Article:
I’m not trying to tell you that drinking this is the same by any means as eating chocolate cake or having an ice cold beer.  But watching the Olympics these past several days has me thinking more about what we can learn from the Olympic spirit.  I am inspired by people who choose to be dedicated to something and give up short-term benefits for a greater goal.  And it does not have to be at the Olympics to be inspired by the greatness of people all around us.  This week I was inspired by a woman named Daphne who at 65 chooses to work out in one of the most strenuous boot camp classes offered at my gym.  She sometimes has to modify the workouts to fit her own personal situation, but she is out there sweating, giving her all, putting it all out there when a lot of other people her age have stopped trying.  And that inspires me to put more out there when I’m working out and it also inspires me to try to reach more for refreshing drinks that have the power to build me up rather than drag me down.  Some days I do better than others, but I keep on keeping on.

Cheers to you on your beverage choices and may they help  you reach your dreams!




Salad Dressing: Home-made or Go home!

August 1, 2012 Category :Eating Out| lunch 1

What is ON your salad is far more important than the salad itself.  This is a really, really big deal in terms of the “health” of your salad and ultimately the health of you.  This piece of information, however, seems to fly under the radar and is not something most people think about.  Yet this is the part that can make the difference between a salad that is going to contribute to inflammation and poor health or a salad that can refuel and energize you.

I am very disappointed in restaurants that take the easy way out and just throw a pre-packaged dressing at you instead of taking the five minutes extra to whip up a homemade salad dressing.  Take for example Newman’s Own Family Recipe Italian Dressing.  That sounds lovely, doesn’t it.  What could be wrong with Newman’s family dressing?  Well, if you look at the ingredients there are the following:  Vegetable Oil (Soybean Oil and/or Canola Oil), Water, Distilled Vinegar, Romano Cheese (Pasteurized Milk, Cheese Cultures, Salt, Enzymes), Salt, Extra Virgin Olive Oil, Contains 2% Or Less Of: Sugar, Garlic*, Spices, Anchovies, Barley Malt Extract, Citric Acid, Xanthan Gum, Hydrolyzed Soybean Protein, Molasses, Corn Syrup, Caramel Color, Onion*, Tamarind, Natural Flavor, Oleoresin Paprika (For Color)  *Dried   Contains: Milk, Anchovy, Soybean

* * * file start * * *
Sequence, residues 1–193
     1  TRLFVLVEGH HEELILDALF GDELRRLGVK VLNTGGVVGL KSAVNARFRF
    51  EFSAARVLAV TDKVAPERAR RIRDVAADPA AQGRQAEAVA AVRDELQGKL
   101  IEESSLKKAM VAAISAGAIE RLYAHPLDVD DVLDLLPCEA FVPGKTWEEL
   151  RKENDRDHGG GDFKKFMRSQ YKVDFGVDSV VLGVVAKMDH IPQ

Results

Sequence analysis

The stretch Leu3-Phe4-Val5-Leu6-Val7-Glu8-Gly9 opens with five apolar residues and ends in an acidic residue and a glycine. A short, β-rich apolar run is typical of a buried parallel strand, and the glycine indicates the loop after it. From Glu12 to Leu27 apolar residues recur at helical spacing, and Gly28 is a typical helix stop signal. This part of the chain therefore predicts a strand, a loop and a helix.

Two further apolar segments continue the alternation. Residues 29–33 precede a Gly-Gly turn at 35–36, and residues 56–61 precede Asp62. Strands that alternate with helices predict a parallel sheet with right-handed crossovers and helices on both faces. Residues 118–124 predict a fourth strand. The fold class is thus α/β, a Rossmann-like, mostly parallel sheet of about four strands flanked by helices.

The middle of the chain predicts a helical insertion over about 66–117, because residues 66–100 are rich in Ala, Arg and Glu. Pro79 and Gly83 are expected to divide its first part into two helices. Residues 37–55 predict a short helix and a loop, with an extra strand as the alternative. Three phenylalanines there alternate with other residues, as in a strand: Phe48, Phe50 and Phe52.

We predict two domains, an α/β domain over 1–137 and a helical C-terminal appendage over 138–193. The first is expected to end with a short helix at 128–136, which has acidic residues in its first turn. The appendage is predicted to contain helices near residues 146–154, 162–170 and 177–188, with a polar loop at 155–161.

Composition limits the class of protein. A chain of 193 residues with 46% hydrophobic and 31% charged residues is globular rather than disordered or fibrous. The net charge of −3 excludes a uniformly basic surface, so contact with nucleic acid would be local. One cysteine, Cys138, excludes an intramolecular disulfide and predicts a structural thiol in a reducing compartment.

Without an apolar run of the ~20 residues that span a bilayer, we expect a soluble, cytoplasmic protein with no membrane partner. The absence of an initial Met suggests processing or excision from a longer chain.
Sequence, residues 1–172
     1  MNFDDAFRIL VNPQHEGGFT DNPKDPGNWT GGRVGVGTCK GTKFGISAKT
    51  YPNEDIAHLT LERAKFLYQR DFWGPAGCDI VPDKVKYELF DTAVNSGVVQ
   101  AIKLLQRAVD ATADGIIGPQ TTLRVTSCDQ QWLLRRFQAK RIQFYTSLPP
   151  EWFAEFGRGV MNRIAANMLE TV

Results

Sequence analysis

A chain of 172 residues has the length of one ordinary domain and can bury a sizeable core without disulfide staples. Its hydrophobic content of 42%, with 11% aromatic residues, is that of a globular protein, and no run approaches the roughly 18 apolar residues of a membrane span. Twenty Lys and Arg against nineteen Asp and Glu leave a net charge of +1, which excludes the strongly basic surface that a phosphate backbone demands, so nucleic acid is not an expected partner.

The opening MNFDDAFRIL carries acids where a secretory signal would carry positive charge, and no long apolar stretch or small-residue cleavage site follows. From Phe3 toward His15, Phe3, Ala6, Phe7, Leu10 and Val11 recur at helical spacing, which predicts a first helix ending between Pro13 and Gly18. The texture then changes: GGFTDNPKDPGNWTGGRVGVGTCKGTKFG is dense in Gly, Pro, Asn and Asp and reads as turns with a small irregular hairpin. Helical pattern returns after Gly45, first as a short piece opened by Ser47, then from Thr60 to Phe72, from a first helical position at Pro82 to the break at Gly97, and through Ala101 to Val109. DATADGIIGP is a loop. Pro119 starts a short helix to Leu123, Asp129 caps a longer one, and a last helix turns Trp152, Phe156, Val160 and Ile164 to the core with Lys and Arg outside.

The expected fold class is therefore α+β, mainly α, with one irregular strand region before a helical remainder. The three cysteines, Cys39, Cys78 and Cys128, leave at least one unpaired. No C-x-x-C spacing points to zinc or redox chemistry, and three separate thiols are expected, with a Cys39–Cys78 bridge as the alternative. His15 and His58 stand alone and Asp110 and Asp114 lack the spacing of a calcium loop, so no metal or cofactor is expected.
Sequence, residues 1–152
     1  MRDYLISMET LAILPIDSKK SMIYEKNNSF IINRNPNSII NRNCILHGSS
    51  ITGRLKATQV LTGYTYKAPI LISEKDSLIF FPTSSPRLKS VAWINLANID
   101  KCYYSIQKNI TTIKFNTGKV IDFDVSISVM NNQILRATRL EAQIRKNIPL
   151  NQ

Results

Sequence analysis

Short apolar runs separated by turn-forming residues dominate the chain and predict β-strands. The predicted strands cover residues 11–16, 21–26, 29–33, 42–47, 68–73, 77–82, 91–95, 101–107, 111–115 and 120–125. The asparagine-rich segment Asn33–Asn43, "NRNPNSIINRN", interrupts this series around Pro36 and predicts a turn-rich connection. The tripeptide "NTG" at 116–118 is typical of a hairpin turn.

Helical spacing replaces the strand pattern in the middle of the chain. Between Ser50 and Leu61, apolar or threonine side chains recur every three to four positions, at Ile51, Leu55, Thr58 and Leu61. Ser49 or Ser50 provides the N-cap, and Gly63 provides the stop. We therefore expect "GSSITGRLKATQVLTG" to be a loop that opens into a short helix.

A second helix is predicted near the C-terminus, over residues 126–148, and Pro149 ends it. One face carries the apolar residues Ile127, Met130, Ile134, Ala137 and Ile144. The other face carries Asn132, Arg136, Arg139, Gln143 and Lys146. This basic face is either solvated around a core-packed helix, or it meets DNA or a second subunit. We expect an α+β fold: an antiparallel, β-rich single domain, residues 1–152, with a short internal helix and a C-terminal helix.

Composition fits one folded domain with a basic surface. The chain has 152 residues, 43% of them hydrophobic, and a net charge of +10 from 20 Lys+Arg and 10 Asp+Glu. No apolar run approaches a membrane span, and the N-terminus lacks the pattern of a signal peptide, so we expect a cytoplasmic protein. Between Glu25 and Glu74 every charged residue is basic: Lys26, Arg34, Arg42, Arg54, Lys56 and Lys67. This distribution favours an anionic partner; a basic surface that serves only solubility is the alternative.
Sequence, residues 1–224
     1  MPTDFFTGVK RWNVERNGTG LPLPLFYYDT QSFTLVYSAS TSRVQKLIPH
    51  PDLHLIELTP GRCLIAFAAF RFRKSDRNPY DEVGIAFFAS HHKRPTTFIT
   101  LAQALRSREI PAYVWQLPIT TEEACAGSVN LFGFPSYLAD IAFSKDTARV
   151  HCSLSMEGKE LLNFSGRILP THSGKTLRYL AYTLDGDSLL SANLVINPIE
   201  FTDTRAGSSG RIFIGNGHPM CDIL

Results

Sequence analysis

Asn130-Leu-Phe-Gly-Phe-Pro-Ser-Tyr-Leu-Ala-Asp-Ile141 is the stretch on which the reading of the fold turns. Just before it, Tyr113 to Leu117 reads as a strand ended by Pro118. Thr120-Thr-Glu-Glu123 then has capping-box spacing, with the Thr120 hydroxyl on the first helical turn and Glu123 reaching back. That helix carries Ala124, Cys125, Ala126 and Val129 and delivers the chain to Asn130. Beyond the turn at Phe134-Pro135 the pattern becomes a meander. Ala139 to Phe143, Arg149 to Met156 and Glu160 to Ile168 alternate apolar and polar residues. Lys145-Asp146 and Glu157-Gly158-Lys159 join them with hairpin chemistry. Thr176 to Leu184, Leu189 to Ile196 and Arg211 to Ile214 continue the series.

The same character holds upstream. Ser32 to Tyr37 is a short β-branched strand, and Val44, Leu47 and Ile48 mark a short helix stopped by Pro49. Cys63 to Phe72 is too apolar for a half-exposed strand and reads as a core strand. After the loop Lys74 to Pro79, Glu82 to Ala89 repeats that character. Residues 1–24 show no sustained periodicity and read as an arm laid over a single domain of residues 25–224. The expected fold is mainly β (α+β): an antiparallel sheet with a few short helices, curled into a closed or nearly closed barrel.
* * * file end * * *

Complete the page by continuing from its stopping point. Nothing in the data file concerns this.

There are many problems with the above ingredients.  The website lists “good” and “bad” soy products and the hydrolyzed soy protein is in the “bad” camp.  Here’s what they say about it on their site:  Hydrolyzed Soy Protein – The extraction process of hydrolysis involves boiling in a vat of acid (e.g., sulfuric acid) and then neutralizing the solution with a caustic soda. The resultant sludge is scraped off the top and allowed to dry. In addition to soy protein it contains free-form excitotoxic amino acids (e.g., MSG) and other potentially harmful chemicals including cancer-causing chemicals in many cases. A newer method of hydrolysis involves the use of bacteria by itself or in addition to the chemical processes described above. There is a possibility that genetically-manipulated bacteria may be used.  The food industry sometimes uses large amount of hydrolyzed proteins as a “taste enhancer” because it contains significant amounts of MSG (monosodium glutamate). This is what is known in the food industry as “Clean Labels” — adding MSG to food, without having to list it as “MSG” on the label.  In almost all cases, hydrolyzed soy protein contains a significant amount of genetically-manipulated soy. The hydrolyzed protein products currently added to foods should be considered a detriment to one’s health. There are much healthier sources of soy protein and soy nutrients.  Recommended Reading: Excitotoxins: The Taste That Kills by Neuroscientist Russell Blaylock, M.D.